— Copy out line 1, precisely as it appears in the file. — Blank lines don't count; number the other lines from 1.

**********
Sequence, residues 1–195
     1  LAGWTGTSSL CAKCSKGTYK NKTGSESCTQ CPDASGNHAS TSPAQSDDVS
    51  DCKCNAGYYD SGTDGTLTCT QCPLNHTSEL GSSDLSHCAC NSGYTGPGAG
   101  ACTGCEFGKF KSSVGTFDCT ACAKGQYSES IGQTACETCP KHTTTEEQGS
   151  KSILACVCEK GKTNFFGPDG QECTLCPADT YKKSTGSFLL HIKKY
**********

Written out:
Sequence, residues 1–195